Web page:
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Very good camera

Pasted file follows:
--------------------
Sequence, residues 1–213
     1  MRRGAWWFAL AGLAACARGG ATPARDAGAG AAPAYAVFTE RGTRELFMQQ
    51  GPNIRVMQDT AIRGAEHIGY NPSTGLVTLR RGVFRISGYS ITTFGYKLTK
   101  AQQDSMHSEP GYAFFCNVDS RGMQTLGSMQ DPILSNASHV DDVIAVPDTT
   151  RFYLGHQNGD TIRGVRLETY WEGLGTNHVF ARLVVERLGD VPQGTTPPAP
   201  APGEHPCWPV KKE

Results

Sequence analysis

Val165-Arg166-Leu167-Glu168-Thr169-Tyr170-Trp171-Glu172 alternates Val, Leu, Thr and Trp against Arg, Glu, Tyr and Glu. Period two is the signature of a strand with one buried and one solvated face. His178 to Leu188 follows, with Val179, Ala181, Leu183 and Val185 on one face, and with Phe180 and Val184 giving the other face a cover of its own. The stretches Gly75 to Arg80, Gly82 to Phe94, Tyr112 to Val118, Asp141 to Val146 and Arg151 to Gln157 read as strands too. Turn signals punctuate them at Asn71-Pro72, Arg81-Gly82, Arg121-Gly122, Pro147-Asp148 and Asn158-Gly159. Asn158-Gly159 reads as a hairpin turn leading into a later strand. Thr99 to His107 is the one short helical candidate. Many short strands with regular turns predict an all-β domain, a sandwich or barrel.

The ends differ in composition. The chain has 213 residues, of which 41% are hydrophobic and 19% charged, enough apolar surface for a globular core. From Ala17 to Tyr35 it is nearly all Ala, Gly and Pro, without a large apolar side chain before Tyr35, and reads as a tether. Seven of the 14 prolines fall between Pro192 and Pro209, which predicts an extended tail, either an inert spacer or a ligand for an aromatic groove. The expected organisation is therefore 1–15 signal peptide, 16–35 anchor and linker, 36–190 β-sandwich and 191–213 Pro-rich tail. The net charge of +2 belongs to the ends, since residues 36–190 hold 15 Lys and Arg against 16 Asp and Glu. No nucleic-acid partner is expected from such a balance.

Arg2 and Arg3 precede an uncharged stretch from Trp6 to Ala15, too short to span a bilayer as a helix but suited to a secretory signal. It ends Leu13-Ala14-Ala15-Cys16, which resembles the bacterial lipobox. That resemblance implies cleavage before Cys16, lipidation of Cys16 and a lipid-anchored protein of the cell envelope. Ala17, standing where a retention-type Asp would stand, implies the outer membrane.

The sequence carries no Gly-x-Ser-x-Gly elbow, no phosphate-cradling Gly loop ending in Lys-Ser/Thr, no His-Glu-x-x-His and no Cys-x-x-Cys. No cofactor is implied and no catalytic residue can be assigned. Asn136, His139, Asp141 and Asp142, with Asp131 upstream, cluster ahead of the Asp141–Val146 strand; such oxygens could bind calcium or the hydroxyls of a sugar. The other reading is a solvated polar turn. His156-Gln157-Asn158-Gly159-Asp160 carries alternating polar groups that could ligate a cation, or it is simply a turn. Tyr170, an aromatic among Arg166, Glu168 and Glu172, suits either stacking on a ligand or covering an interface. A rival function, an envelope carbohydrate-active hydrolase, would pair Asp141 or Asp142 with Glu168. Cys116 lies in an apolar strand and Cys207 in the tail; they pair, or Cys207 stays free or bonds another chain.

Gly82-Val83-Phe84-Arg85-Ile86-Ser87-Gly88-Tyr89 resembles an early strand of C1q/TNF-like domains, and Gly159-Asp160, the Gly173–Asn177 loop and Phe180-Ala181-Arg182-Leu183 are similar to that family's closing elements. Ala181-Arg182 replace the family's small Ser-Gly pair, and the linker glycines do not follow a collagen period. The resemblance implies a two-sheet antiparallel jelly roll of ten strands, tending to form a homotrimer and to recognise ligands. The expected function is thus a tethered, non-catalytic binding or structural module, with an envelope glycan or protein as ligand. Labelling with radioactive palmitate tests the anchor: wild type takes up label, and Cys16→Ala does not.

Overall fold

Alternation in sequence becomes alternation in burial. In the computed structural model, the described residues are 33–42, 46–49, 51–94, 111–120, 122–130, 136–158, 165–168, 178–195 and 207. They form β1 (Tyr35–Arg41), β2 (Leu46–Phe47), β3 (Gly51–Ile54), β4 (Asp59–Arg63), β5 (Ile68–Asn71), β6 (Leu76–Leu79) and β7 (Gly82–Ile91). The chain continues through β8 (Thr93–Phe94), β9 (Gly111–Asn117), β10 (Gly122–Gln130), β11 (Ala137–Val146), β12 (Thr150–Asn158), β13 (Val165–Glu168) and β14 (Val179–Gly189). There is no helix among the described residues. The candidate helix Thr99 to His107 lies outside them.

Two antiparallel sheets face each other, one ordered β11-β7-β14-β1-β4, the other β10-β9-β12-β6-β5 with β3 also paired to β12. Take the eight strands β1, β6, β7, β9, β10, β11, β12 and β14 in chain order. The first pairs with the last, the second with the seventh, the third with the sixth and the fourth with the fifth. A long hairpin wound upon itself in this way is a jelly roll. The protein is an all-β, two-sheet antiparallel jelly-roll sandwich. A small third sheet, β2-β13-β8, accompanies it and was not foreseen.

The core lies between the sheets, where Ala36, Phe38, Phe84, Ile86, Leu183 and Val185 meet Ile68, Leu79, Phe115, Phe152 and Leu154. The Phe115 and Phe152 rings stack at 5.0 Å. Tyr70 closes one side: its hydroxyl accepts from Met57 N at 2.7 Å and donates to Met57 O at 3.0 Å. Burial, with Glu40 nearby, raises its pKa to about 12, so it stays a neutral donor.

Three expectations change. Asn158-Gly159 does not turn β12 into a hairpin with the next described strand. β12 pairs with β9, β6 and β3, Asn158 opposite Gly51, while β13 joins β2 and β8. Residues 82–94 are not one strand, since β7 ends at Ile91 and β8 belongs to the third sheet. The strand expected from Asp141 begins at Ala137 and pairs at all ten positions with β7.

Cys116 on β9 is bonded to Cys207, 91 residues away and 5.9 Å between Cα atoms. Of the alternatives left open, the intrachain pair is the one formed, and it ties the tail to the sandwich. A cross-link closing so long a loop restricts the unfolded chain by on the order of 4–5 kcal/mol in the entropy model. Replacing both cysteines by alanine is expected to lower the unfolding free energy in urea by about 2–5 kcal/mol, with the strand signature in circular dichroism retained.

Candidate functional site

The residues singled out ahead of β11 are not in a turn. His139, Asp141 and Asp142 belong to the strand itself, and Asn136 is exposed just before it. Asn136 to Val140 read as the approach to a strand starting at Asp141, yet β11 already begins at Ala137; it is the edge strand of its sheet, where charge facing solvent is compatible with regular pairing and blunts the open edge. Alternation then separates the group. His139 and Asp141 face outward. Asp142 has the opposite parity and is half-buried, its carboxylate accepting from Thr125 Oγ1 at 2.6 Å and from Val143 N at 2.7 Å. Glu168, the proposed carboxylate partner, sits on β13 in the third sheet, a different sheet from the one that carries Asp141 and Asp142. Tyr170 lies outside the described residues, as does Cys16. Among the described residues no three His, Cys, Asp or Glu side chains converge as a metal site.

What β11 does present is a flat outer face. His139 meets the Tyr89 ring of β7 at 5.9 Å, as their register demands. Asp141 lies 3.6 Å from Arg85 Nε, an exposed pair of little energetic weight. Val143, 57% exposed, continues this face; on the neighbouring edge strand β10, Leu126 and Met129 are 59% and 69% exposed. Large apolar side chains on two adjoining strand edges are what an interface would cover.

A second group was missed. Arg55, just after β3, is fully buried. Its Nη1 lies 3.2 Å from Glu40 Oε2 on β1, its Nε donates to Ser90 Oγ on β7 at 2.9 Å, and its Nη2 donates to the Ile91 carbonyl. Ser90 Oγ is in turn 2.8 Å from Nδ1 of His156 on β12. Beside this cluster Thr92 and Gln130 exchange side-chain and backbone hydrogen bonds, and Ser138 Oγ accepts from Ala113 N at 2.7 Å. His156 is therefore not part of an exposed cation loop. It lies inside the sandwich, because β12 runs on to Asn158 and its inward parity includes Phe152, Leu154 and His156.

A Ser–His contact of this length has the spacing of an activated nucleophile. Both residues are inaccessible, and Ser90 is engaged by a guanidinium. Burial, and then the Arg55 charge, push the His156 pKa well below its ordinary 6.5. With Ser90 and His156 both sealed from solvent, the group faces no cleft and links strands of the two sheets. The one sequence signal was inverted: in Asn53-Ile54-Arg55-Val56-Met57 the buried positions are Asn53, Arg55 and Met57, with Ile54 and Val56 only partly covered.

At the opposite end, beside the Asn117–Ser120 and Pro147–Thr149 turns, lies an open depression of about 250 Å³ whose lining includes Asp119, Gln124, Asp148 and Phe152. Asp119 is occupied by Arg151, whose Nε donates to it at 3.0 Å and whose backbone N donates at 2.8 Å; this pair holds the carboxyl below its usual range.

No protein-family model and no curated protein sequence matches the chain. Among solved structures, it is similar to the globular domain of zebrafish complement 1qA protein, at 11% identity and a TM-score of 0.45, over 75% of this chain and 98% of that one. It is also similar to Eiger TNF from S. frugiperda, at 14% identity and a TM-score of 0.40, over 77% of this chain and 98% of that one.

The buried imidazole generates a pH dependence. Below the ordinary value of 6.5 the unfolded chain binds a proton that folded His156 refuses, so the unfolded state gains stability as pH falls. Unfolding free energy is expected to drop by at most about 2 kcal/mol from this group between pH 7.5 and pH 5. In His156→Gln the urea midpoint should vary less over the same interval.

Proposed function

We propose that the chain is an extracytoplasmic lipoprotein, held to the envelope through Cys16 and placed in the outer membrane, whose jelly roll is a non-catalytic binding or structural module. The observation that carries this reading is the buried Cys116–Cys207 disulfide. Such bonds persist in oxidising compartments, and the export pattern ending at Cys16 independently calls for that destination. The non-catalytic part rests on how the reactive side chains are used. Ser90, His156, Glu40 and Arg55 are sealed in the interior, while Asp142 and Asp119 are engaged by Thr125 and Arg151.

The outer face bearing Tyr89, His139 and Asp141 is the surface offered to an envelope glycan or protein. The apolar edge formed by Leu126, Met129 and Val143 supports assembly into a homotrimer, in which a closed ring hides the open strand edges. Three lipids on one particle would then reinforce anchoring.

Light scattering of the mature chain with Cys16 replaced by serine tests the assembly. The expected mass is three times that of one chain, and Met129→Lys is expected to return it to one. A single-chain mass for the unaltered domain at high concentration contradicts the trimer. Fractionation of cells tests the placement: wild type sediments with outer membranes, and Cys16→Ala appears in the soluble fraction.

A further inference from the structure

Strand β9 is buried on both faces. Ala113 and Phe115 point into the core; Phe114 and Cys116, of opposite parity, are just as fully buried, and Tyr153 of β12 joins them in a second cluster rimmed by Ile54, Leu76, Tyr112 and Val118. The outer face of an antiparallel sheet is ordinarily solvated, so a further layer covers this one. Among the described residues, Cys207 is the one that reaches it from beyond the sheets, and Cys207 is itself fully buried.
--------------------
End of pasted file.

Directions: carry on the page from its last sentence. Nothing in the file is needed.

I got the camera about a year ago, and have found it very good as an all-around camera. The controls fit logically, and it's weight is good. The one thing I have noticed, is that even with it in airplane mode, it does go through batteries much faster than the D7000 and D7100 that I came from. Luckily, the EN-EL15 batteries are interchangable between the cameras I have, and they charge very fast. I have invested in the grip, and the EN-EL18a battery, and that gives much longer lifespan for the camera. The auto-focus is great! I have been able to get spot-on focus lock from moving vehicles and got good quality shots (usually using the Nikkor AF-S 70-300mm f/4.5-5.6G VR IF-ED with VR on). I have also tested it in low light, and it was able to autofocus at night on jupiter and some of the brightest stars without issue at f/5.6. I don't use it much for video, but when I have, I have loved the output. The ISO range is great, but I never go anywhere near the top of the native range if I can help it, as it does get fairly grainy and noisy. I work in tech as my day job, and the wireless configuration leaves me baffled. It sports a Wi-Fi Alliance logo, but is NOT registered in their list of certified devices. Questions to Nikon about that go unanswered. The Smartbridge software works, IF you use one of their supported devices. My phone is not one of those (Asus ZenFone 2), and the tablet I have that works with it, has much issues maintaining it, and the fact it burned through an entire EN-EL15 battery in the couple hours I was playing with it, that this highly toted functionality loses half a star for me. The other thing that lost it the other half, is how fast it goes through batteries. Before this camera, I could get close to the estimated shots on a battery, but using it the same way, and I am getting much fewer shots per charge. I don't chimp much, and the camera is set to not review the shots when taking them. It seems to leave much more on when it is turned off, as well (let alone idle and on), so no leaving this one charged and ready, or the batteries will be less than expected. If you are using it nearly every day, this won't matter to you much. I am a hobbyist, so it does affect me.